A University of Ala.
gynecologist says he might be the first oncologists to use artificial in vitro fertilization.
Dr. Chris Furlong, a gynecogenist at the University of Birmingham, said the idea has been in the works for several years and that he is currently the first UAB doctor to use it.
He told ABC News he had been considering the possibility for years and it was something he was excited about.
Furlong said he is not concerned about the ethics of artificial IVF and that there is no need to do anything unethical.
Fertility experts said there is still a long way to go before artificial inbreeding becomes routine, but that the potential is significant.
Fidelity and surrogacy experts told ABC that there are a number of issues that need to be addressed before the technology becomes widespread.
They pointed to the ethical issues surrounding artificial inking.
The technique involves using a syringe to inject an egg into a surrogate and then inserting the surrogate’s sperm into a donor egg.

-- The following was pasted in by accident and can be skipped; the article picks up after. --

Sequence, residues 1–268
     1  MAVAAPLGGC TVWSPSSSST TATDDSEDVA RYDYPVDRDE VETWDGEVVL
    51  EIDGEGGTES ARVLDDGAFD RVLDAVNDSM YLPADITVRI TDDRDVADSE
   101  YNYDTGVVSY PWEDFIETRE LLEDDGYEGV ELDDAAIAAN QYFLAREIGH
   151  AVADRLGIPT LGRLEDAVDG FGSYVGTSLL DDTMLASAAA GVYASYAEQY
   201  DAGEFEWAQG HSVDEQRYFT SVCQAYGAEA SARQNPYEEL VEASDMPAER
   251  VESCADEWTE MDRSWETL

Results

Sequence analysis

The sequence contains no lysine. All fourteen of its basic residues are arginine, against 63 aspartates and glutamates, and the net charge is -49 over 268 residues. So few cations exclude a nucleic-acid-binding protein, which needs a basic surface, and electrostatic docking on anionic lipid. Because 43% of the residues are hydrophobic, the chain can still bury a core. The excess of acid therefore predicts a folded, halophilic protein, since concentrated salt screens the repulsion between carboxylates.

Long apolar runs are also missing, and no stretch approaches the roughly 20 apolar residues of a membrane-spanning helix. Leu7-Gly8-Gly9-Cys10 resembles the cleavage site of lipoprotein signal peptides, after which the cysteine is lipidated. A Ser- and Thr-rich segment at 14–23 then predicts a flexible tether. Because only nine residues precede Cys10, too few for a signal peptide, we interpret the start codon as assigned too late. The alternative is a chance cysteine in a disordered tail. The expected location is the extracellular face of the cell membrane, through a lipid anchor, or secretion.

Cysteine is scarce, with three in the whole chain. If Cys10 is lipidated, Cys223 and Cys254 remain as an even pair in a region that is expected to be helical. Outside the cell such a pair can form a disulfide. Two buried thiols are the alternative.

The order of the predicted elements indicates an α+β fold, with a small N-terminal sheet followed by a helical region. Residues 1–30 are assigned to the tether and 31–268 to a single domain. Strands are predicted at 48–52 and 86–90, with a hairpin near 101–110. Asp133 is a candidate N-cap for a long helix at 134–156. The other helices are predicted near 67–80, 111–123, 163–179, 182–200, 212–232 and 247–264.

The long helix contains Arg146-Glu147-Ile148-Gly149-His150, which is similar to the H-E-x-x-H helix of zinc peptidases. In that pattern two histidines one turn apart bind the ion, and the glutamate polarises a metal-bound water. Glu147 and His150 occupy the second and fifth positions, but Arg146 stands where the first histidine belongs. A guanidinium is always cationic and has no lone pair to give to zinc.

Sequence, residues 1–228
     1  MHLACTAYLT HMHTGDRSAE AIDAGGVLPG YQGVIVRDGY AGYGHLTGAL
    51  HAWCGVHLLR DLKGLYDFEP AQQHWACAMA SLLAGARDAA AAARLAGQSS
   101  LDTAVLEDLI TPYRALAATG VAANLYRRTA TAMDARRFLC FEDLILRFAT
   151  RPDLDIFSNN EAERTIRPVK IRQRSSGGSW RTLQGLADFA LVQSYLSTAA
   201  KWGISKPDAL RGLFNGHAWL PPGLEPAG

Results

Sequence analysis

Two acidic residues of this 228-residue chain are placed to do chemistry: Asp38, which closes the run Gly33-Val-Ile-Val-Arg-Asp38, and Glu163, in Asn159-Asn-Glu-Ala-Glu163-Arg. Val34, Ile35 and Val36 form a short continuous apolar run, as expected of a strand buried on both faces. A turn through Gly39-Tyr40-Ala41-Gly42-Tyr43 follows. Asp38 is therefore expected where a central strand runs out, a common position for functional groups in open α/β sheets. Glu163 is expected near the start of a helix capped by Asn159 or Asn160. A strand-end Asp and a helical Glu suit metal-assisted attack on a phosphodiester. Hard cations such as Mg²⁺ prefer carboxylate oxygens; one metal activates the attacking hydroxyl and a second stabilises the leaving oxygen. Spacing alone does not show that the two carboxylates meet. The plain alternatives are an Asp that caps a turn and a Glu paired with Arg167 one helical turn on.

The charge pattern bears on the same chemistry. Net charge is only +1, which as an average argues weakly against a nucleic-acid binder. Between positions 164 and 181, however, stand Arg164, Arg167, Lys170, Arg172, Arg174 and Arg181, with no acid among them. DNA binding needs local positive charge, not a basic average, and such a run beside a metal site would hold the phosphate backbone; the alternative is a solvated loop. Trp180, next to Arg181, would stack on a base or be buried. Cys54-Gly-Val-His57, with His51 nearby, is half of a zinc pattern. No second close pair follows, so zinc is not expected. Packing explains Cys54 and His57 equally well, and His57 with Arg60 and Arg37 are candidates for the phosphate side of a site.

While it may be ethical, surrogacy providers are concerned about what would happen if the surrogate becomes infertile and needs IVF treatment.
They also fear that artificial in-vitro fertilization could cause genetic disorders such as cystic fibrosis.
A report released this month by the American College of Obstetricians and Gynecologists said that the technology is still in its infancy and that the benefits and risks of IVF are still being studied.
In an email, Dr. William D. Johnson, an assistant professor of obstetrics and gynecologists at the university, said, “It is true that IVF is a highly experimental technology and is not yet ready for widespread use.
However, in the coming years, the potential for future fertility advances in IVF may become more clear.
If this happens, it will be crucial to evaluate the safety and efficacy of these technologies as we learn more about their potential for treating infertility and pregnancy problems.”